Alternatively, if you find that you earn enough to live on, you may want to consider postponing your state pension to increase your payments when you start receiving it. For each year you defer your state pension, you will receive an extra £ 10.42 per week when you start receiving it.
If you want to retire early, save hard
An Aviva survey found that one in five workers who hope to retire early plans to do so when they reach the age of 55. And of those who have retired early, two-thirds are happier.
Start saving early and retiring at age 55 may not be an unattainable dream. For example, if you save £ 90 each month from the age of 22, you should have enough for a modest retirement lifestyle from the age of 55.
Put it at £ 640 a month and you should afford a moderate lifestyle.
For the more luxurious you will have to save £ 1,360 a month.
The best way to achieve a comfortable retirement is to start saving early, regularly, experts say
Your state pension will do a lot of hard work
All figures so far assume a full state pension. If we take this out of the equation, we find out how valuable the state pension income is for retirees.
For example, if you want to retire at a middle-income age of 65, you would have to save £ 640 a month from the age of 22 if you did not have a state pension.
But as already mentioned, you would only have to save £ 355 each month to achieve the same state pension income. For most retirees, the state pension will form the basis of their income.
For someone of the same age who wants to retire with a middle-income retirement at the age of 60, he would have to save £ 875 a month if he did not have a state pension – £ 480 a month with a full state pension.
However, younger workers may want to be a little careful not to rely too much on him.
As our population ages, the cost of providing the current state pension continues to rise and there is no guarantee that the future government will not make it less generous in the name of affordability.
After all, the state retirement age is moving up for this reason and the state pension triple lock will be broken this year so that costs remain low.
Remember … your workplace also helps
Saving £ 355 every month from the age of 22 – or £ 690 a month from the age of 40 – just retiring on a modest income at the age of 65 can sound very challenging. And for many people it will.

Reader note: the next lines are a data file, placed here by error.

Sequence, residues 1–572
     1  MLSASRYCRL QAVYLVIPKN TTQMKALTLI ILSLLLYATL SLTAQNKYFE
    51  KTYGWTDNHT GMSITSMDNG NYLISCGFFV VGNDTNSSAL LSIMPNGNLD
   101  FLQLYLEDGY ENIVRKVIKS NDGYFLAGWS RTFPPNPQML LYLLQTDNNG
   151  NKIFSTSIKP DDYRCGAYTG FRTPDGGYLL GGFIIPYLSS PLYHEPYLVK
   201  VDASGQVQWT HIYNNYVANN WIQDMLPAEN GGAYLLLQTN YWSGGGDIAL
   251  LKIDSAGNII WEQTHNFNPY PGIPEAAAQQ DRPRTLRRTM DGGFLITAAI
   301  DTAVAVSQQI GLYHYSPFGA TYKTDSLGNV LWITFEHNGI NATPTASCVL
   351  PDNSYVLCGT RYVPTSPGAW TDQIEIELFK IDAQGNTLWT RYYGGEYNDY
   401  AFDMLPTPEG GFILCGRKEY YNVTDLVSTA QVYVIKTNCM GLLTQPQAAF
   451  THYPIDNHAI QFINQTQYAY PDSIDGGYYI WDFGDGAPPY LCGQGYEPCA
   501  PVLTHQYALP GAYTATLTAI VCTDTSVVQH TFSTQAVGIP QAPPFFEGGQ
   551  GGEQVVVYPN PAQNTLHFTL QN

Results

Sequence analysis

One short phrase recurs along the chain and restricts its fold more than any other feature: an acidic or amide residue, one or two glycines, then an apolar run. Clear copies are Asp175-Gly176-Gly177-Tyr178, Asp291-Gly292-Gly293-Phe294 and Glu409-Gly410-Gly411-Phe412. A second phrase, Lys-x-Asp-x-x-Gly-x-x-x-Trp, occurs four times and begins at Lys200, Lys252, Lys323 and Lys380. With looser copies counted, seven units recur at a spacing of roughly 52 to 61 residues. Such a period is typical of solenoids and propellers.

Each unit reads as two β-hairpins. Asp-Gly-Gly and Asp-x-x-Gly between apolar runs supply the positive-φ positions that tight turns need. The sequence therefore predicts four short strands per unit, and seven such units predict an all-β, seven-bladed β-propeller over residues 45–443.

Keep in mind, however, that not all of this monthly amount may come from you.
Employers are now required to contribute at least three percent of your salary to your pension, while workers must pay five percent.
Some employers are even more generous. For example, if you save £ 355 a month for retirement and this amount reaches the minimum allowable contribution of eight percent of your income, £ 133 will come from your employer and you will only have to pay the remaining £ 222.
So saving for a company pension is always worth it if you can.
Sarah Pennells, a consumer finance specialist at Royal London, says: “If you are retired in the workplace, there may be ways to pay a little more.
“For example, many employers match employees’ pension contributions above the minimum they must pay under the automatic enrollment rules, up to a certain limit.
“This means that if you pay extra in retirement, your employer will pay for it. If you get paid, you may be able to exchange some or all of your retirement contributions. ”
Remember that pension contributions are tax-exempt. This means that they are either deducted from your salary before the tax is paid, or you can request a tax refund later through your tax return or by contacting Revenue & Customs.
Retirement savings can be bumpy
For the purposes of our calculations, we have assumed that contributions are provided consistently week after week.
In fact, this will rarely happen. There may be periods of unemployment, rest periods for parental or caring responsibilities, poor health or retraining.
Although it is difficult to predict details that could get you out of work, it can be safely assumed that you may have time away from the workplace at some stage.
Therefore, it may pay to save more when you can to compensate for times when you save less.
Likewise, if you receive bonuses at work or have other windfall earnings, it is always worth considering retiring some of it.